Figure 3 shows the modeled slope for the 27 CMIP5 models and for both the two hemispheres. As mentioned above, the slope of the annual cycle varies a lot from model to model—the NH slope ranges from 0.6 to 1.05 while the SH slope covers from 0.5 to 0.85. The modeled slopes of the two hemispheres are slightly correlated (with a correlation of 0.39, which is statistically significant at the 95% confidence level), which suggests that models that do poorly in one hemisphere tend to perform poorly in the other hemisphere as well. As mentioned in section 2, we group together three reanalysis datasets including ERA-Interim, NCEP2, and CFSR. The confidence interval is constructed by using the bootstrap method, which independently resamples the results with replacement, each time a new slope is calculated using the new samples, and repeating for a large number of times. As shown in Fig. 3, the confidence interval is calculated as the 2.5th and 97.5th percentiles of these new slopes from each resampling (similarly for the confidence intervals in other figures). Therefore, depending on how the modeled slope is compared to the constructed confidence interval, the 27 CMIP5 models can be divided into three groups that have smaller, similar, and larger slopes, all statistically significant at the 95% confidence level.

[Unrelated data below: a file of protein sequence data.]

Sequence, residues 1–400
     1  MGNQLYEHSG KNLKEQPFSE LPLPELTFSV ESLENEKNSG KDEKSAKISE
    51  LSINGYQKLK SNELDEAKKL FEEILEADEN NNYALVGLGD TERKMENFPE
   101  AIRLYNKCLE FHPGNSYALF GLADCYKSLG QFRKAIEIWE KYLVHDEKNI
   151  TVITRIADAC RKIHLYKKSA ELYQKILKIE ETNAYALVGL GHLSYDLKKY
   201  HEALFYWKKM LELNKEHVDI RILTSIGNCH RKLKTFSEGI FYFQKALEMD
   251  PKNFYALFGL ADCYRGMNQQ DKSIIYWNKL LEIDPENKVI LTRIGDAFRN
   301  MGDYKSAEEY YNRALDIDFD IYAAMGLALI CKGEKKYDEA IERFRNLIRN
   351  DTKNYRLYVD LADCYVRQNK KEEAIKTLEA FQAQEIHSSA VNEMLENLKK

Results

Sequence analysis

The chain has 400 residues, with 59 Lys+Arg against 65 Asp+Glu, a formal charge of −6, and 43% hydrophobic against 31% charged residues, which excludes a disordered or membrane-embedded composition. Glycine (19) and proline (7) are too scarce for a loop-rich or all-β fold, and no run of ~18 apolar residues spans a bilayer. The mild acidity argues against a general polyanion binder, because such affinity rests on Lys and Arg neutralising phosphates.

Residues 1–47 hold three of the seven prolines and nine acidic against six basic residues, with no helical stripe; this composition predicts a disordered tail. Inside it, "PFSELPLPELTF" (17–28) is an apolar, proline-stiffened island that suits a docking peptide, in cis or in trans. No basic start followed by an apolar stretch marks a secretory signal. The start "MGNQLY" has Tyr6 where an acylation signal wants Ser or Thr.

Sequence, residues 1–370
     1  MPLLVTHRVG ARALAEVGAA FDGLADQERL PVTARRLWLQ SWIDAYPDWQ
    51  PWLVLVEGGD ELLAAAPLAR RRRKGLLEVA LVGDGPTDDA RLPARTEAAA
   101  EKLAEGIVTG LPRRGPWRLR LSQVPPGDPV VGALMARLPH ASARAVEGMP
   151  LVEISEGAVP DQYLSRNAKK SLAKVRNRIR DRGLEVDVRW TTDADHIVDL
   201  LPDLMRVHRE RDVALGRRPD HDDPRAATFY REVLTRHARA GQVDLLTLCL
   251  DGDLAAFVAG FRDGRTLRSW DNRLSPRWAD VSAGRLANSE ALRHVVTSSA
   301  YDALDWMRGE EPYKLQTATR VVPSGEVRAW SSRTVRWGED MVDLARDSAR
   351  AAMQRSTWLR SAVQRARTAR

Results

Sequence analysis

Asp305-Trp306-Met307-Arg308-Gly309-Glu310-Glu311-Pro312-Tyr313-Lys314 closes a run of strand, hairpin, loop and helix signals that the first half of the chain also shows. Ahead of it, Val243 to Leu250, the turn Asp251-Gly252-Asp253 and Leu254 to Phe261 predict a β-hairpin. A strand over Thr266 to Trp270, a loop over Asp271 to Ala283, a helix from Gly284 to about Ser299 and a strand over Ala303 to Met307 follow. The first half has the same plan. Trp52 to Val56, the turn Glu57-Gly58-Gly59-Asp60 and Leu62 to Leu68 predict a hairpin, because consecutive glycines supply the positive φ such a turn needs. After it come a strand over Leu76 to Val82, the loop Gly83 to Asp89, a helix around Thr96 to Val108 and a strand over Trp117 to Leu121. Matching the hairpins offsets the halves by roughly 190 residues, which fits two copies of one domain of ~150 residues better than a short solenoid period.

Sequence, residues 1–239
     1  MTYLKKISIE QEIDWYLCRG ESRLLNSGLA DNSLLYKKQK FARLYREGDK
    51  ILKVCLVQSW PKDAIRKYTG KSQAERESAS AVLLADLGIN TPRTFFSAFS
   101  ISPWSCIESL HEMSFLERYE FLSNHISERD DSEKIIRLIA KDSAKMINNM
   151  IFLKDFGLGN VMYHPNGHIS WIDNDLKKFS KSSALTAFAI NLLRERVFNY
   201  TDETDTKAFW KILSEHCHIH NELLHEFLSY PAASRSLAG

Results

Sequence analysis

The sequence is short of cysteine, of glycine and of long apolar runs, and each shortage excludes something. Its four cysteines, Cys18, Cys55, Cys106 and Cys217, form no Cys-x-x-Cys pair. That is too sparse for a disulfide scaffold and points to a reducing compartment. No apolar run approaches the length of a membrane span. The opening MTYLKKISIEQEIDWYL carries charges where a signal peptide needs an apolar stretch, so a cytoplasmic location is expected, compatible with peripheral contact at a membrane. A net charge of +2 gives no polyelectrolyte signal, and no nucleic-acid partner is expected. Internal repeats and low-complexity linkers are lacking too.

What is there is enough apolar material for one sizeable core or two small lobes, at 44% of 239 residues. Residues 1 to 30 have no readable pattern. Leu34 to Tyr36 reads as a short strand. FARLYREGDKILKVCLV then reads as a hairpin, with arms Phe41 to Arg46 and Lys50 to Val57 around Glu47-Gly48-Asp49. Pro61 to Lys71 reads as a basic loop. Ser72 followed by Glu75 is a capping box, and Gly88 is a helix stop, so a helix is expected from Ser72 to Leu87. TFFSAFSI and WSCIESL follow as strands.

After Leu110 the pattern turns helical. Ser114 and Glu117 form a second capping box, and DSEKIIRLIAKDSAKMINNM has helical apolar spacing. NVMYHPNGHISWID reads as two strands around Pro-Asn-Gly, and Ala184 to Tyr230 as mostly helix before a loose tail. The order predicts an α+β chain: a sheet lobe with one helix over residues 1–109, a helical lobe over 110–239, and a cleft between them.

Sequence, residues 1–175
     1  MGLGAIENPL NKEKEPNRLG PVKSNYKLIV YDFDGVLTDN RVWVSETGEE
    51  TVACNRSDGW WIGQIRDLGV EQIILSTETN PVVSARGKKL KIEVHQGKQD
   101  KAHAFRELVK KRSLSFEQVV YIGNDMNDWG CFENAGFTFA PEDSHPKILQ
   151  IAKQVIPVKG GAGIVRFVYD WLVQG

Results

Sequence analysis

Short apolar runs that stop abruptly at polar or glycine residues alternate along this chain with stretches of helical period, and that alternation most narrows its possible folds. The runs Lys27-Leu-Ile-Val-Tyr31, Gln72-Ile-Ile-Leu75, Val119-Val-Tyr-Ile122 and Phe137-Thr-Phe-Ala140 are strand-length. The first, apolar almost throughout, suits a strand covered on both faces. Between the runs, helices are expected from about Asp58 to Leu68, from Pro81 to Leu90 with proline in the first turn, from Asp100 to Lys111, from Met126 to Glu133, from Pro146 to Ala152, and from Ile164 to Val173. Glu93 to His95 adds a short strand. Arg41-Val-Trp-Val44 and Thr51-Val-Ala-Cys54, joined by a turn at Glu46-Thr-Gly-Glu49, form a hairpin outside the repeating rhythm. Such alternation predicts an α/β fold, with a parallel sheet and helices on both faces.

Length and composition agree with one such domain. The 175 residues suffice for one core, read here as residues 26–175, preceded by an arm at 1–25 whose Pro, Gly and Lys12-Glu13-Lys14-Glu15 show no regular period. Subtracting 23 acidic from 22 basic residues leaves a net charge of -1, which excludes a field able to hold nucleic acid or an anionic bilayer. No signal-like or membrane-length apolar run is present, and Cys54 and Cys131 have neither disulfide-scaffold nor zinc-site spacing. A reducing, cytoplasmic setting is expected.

For the NH, group N1 has 12 CMIP5 models that have smaller linear regression coefficients than that of the reanalyses, group N2 is characterized by a similar annual cycle slope to that of the reanalyses and includes 14 models, and only one model has a larger linear regression coefficient and is included in group N3. A list of the models in N1, N2, and N3 is given in Table 2. Similarly, for the SH, group S1 includes 16 models with smaller linear regression coefficients, and the other 11 models have similar slopes and are included in group S2 (Table 2). Figures 1b–d show the moisture–tropopause relationship for groups N1, N2, and N3, respectively; Figs. 2b and 2c do the same for S1 and S2.
In addition to the slope of the annual cycle, another striking feature in CMIP5 model simulations is the systematic cold bias in both the near-surface equivalent potential temperature fluctuation and the tropopause potential temperature. This will be further discussed in the next subsection.